At this time last year, the Fortune 500 CEOs we surveyed were breathing a collective sigh of relief as profits and revenues came roaring back from the ravages of the pandemic. This spring, that roar sounds uncomfortably loud, as companies cope with soaring inflation and the growing likelihood that sky-high prices and labor shortages will help tip the economy into recession. In all, 75% said they expected the next recession to begin by the end of 2023, though only 32% believed it would start in this calendar year.
CEOs say they’re working hard on the labor side of the economic equation. A talent shortage was the problem chosen by the most CEOs as the No. 1 threat to their business, and more than two-thirds said they had experienced high rates of attrition among their employees. Most say they’re striving to mitigate the Great Resignation by staying flexible about how and where people work.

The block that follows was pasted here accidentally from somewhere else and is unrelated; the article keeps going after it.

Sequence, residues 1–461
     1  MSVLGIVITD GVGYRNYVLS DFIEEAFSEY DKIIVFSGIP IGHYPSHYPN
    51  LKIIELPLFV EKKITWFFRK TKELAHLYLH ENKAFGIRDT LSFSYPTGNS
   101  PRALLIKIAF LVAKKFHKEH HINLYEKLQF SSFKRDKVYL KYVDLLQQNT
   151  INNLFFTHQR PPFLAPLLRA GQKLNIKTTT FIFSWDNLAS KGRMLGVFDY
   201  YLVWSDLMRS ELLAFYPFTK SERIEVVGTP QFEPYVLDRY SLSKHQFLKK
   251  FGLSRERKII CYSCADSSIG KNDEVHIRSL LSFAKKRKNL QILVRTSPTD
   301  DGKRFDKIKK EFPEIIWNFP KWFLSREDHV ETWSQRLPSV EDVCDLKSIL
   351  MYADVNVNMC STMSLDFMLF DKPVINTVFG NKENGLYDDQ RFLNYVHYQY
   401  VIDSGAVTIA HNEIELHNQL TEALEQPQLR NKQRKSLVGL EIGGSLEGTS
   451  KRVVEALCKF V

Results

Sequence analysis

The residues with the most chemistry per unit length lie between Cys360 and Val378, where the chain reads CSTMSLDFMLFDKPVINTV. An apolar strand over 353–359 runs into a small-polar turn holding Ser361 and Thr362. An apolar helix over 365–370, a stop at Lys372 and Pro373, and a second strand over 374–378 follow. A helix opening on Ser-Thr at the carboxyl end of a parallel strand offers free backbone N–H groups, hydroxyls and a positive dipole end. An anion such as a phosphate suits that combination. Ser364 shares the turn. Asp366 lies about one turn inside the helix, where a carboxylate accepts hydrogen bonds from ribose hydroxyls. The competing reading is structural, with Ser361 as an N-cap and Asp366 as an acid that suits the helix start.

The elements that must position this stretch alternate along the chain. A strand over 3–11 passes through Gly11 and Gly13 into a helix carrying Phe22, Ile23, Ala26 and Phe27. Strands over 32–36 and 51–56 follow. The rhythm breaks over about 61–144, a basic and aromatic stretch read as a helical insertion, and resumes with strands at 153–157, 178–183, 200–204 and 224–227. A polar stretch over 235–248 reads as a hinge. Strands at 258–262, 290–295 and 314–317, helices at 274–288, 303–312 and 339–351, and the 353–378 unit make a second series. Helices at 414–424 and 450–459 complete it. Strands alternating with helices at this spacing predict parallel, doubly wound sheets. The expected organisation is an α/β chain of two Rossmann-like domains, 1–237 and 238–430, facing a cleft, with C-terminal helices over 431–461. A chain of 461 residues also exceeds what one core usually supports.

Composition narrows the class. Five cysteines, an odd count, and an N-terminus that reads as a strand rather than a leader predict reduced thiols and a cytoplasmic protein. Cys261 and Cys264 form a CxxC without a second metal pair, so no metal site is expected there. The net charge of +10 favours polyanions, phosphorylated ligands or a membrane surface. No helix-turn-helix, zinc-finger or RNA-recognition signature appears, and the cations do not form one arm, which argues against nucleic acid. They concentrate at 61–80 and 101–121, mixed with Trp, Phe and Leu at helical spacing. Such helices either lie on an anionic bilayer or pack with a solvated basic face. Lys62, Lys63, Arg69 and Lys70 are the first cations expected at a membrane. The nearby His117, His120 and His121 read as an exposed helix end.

Climate change and geopolitical instability, especially the ongoing war in Ukraine, loom ever larger, pressuring leaders to either speak up or hunker down. Interestingly, while many leading CEOs have said recently that they feel it’s their obligation to speak out on public controversies, our survey respondents feel that that trend has gone too far: 72% said that their fellow CEOs had become “too involved in commenting” on social and political issues, and should pull back.
A version of this article appears in the June/July 2022 issue of Fortune with the headline, “CEOs say: Fasten your seatbelts.”
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